Owen Davey

Owen Davey’s stunning picture book ‘Bird Search’ has been shortlisted for the World Illustration Awards 2015. We thought this was the fittest opportunity to ask Owen what makes him tick!

Bird Search picture book by Owen Davey, shortlisted entry for the World Illustration Awards 2015

What inspires you?

Everything really, but I suppose the big one is nature. I think the animal kingdom is endlessly fascinating with such an insane array of extravagances, beauty and intrigue. While researching projects etc. I regularly discover animals I never thought could exist with traits that seem totally alien or absurd. And then the natural world itself: space, trees, the sea; these all regularly feed into my practice.

Mad About Monkeys picture book published by Flying Eye Books, 2015

What are the three obstacles that you find throughout your freelance working day and how do you make sure you get through these?

1. Time management is a huge task. I find myself multitasking on projects constantly and it’s a bit of an art to make sure you stay on top of everything. University was massively useful in learning some of this skill because for our first year, we had different workshops every day of the week, so maybe Monday would be on colour and composition, Tuesday would be conceptual thinking, and Wednesday would be making a picture book etc etc. You had to learn how to cope, or fall further and further behind.

2. Balancing the actual illustrating time with all the business side is another one. I’m not always great at online promotion and I’ll have to upload a bunch of stuff on my website or twitter at the same time to make up for my radio silence. Or I’ll have a morning where I set aside time to send through invoices or chase up unpaid ones or whatever. Then there’s tax. Man, I hate tax. Not that I have to pay it (I have no qualms with my tax helping in some small part for the country to run or for those more in need of it to be helped out a little). My issue with tax is how damn complicated it can be, and how hard I have to work to actually then pay my money. Usually when you’re doing work, somebody will pay you for it. It’s a bit of a kick in the teeth to work hard and lose money at the end of it. Especially when I’d much prefer to be drawing a bunch of beetles or designing a new character or something. But at least I love my normal job, and everyone who owns their own business has to do it.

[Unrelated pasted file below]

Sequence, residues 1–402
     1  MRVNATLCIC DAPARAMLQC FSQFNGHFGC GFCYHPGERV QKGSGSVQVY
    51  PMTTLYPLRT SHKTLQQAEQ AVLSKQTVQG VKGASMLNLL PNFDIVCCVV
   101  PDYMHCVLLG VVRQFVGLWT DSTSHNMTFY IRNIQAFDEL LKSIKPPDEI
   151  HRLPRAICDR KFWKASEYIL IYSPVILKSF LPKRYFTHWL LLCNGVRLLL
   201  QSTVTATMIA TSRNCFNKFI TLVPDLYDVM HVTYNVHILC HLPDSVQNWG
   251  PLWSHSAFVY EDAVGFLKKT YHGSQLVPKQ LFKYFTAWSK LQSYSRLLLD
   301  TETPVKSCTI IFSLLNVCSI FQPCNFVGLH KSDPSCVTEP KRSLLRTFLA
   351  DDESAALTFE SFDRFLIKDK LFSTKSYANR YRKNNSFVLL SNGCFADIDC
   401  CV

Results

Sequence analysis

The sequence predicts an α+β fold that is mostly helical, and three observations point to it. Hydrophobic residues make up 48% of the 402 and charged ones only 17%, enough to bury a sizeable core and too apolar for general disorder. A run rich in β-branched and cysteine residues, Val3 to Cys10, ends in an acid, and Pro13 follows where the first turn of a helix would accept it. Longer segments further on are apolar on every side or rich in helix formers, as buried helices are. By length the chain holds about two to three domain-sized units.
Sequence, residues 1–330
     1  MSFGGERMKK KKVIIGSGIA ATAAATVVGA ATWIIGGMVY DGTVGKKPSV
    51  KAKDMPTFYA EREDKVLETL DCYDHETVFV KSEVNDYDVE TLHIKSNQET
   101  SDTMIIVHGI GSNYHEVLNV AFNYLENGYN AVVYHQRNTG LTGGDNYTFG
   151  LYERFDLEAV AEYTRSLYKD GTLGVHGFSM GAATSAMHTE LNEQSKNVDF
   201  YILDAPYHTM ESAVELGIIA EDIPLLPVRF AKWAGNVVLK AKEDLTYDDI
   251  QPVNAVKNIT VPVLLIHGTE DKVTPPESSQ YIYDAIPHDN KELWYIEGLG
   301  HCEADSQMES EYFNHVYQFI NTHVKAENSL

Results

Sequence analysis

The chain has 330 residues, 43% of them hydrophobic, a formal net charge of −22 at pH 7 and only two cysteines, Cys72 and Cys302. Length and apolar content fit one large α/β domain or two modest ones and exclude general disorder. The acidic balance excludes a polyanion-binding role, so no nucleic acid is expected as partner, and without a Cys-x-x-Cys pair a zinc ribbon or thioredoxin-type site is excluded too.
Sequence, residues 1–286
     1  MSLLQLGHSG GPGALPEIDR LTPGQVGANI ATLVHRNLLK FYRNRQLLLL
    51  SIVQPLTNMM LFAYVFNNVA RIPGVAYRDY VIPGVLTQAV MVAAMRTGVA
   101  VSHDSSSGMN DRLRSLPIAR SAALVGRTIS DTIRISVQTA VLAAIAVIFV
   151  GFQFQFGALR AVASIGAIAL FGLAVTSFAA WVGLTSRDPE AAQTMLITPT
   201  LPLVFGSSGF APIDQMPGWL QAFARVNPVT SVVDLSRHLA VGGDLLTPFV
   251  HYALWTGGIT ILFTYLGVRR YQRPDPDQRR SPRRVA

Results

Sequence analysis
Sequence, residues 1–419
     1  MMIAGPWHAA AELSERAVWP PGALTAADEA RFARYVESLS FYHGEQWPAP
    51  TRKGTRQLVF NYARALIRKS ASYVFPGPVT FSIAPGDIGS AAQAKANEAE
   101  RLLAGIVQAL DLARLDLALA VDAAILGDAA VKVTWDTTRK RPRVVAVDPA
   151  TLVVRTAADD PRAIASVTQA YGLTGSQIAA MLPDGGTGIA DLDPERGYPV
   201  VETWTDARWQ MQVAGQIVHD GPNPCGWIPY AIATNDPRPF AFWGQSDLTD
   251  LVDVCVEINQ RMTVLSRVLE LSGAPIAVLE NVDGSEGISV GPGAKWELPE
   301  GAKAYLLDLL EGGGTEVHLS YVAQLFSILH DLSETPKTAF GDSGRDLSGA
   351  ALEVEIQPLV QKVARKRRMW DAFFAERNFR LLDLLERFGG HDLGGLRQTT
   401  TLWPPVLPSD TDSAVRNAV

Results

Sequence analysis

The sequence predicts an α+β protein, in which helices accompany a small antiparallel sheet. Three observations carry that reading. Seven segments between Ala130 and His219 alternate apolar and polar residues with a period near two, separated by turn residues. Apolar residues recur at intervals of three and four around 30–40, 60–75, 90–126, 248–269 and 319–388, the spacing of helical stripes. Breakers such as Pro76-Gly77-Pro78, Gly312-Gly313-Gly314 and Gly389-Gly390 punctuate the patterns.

3. The Internet. Although it is one of my best tools in some respects, it can also be a nightmare. If the Internet gets slow, it can completely mess up my flow. Or if I get distracted by a passing cat video or something, I can lose half an hour of my life before having to shake myself back into workflow. I’m usually pretty good at resisting this temptation usually, but we all have moments of weakness.

Trascendental Meditation for Be. Illustrated Guides

How did your relationship with Folio Agency begin?

I basically just contacted a bunch of agents when I left uni, and saw if any of them would be interested in representing me. I saw about 5 I think, after researching ones online. I decided at the end of it that Folio seemed like the best fit for me. They had a good variety of illustrators on their books (none of which seemed too close to my style), they had a great ratio of agents to illustrators, they were well established, and best of all Folio were friendly. It’s been a great mutually beneficial working relationship that I hope will continue for many years.

You recently got shortlisted for the World Illustration Awards with your picture book ‘Bird Search’. Tell us more about this project and the process behind it.

Well some of my previous titles have been released by Kids-M in South Korea and we started speaking about possibly doing a title specifically for them that could be used to help teach English as a Foreign Language. Rather than try and teach loads of different things, or get too technical with it, I just wanted to play with doing a very very simple book that focused on one very specific area, and then make the most of that. I had the idea of just exploring birds and their varieties in the way they look and the ways they behave. It was also a great excuse to use rhyme, as it helps people with remembering certain words and it wouldn’t be translated into other languages anyway. Visually, I wanted to keep this simplicity too, so early on I decided that I just wanted one type of bird per page and that I would then explore the design of each bird as much as I could. I was very inspired by the work of Charley Harper with this book, as mentioned under the dedications page. His work has a wonderful approach to simplification that I try to explore in my own work a lot. Where you see something vaguely circular, maybe you can get away with making it a perfect circle. When an animal has an almost straight line in it’s form, why not actually make it a straight line? That’s the approach I took to the design of the birds in this book. And it was really fun to make it.

Bird Search picture book by Owen Davey, shortlisted entry for the World Illustration Awards 2015

What is next for you? 

I have a bunch of projects on right now. I’m still working on the TwoDots app, I have a few editorials and a couple of advertising-style jobs with some big clients too. Slightly longer-term I’m working on the artwork for a few picture books for other people, as well as writing and illustrating a follow up to my Mad About Monkeys non-fiction book I created with Flying Eye Books. I’m in the research stage of that one at the moment and falling in love with nature all over again.


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9th November 2015

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